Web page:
Trust the Florida polls? Look at their accuracy in prior Florida elections

Don't forget the margins of error in all these polls, which have been pretty darn accurate
Published Nov. 6, 2018|Updated Nov. 6, 2018

Happy Florida Election Day. Take a moment and consider how extraordinary it is to live in mega state with 13 million voters who over and over and over again deliver elections decided by 1 percentage point.

For those of us too weak to resist looking yet again at all those Florida polls, let's consider how the polls wound up stacking up to reality in prior neck and neck contests. Very well, it turns out.

Today, the average of recent public polls shows Democrat Bill Nelson leading Republican Rick Scott in the U.S. Senate race by an average 2.4 percentage points, and Democrat Andrew Gillum leads Republican Ron DeSantis in the governor's race by an average of 3.6 percentage point. Nelson has led in three of the last five poll, while Gillum has led in four of the last five.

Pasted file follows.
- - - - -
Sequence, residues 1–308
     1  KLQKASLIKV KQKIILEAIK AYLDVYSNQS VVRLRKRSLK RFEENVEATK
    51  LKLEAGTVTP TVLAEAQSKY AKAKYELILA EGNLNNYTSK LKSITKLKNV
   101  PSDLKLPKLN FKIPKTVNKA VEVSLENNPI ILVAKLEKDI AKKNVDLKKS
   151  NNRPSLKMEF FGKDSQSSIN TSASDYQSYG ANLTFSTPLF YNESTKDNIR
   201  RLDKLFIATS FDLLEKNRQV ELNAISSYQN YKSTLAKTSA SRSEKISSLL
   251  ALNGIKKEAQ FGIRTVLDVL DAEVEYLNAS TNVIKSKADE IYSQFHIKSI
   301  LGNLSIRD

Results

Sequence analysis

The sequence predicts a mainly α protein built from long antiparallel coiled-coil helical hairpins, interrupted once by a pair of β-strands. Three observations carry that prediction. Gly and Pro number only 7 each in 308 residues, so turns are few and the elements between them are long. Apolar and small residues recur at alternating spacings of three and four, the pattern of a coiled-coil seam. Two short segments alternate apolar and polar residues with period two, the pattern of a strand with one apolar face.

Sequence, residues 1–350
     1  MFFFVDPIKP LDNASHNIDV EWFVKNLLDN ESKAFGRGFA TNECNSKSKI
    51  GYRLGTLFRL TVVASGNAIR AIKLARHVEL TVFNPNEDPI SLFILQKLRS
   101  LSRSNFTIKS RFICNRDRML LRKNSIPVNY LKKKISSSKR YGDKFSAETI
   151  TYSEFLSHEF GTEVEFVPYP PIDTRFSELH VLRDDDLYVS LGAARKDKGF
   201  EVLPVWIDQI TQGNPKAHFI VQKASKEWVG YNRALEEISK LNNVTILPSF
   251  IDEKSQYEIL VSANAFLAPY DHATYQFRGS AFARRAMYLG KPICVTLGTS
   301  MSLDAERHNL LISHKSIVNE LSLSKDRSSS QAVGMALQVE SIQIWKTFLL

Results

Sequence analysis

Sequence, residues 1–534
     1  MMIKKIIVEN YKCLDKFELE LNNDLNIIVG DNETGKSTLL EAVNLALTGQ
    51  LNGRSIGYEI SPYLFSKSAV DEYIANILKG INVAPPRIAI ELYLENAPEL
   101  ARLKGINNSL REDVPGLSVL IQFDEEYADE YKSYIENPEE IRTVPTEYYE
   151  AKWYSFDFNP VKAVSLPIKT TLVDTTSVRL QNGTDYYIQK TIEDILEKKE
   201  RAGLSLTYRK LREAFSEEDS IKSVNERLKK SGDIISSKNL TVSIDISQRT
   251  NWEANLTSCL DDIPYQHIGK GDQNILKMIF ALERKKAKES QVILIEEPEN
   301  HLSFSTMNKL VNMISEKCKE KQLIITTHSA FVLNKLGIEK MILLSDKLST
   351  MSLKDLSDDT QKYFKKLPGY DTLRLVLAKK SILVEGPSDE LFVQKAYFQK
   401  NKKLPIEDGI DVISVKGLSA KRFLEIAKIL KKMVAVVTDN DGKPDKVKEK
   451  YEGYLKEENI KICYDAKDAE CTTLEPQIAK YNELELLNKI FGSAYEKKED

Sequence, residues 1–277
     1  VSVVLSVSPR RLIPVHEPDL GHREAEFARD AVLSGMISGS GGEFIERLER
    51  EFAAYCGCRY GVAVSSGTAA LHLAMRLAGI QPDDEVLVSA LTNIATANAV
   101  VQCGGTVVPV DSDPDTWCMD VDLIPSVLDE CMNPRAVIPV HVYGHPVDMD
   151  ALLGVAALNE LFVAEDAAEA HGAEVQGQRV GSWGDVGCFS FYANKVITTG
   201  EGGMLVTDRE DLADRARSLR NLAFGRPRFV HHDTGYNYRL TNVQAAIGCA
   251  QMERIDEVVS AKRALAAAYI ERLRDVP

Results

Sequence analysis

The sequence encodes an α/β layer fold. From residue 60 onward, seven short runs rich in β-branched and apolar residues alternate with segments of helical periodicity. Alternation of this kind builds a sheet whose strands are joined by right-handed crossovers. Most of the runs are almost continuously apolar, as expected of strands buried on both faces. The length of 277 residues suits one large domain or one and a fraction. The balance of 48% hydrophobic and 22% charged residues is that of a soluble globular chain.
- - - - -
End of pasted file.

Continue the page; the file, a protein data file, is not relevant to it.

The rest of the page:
Here's what RCP showed in previous years

2016 Presidential: RCP had Trump leading by .2 percentage points. Trump won by 1.2

2014 governor's race: RCP average had Charlie Crist leading by .6. Rick Scott won by 1.1

2012 Presidential: RCP average had Mitt Romney leading Barack Obama  by 1.5 percentage points. Obama won by .9

2010 governor's race: RCP average showed Rick Scott leading Alex Sink by 1.2 percentage points. Scott won by 1.2

2008 presidential: RCP average had Obama beating John McCain by 1.8 percentage points. He won by 2.8.

2006 governor's: RCP found Charlie Crist leading Jim Davis by 6.8 percentage points. Crist won by 7.1

The polls may have picked the wrong winner in '14 and '12, but we can't call those botched polls given how close they came to nailing the results. In the past six elections they have been remarkably close in the outcome – well within the margin of error.